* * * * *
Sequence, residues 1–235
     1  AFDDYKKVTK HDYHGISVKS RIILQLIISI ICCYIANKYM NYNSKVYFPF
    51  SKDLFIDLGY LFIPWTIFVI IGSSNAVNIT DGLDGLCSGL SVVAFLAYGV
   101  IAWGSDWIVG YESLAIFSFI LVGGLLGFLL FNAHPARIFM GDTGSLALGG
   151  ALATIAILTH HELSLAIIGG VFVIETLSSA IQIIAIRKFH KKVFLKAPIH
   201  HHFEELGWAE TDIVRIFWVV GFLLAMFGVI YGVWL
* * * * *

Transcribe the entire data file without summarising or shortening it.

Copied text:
Sequence, residues 1–235
     1  AFDDYKKVTK HDYHGISVKS RIILQLIISI ICCYIANKYM NYNSKVYFPF
    51  SKDLFIDLGY LFIPWTIFVI IGSSNAVNIT DGLDGLCSGL SVVAFLAYGV
   101  IAWGSDWIVG YESLAIFSFI LVGGLLGFLL FNAHPARIFM GDTGSLALGG
   151  ALATIAILTH HELSLAIIGG VFVIETLSSA IQIIAIRKFH KKVFLKAPIH
   201  HHFEELGWAE TDIVRIFWVV GFLLAMFGVI YGVWL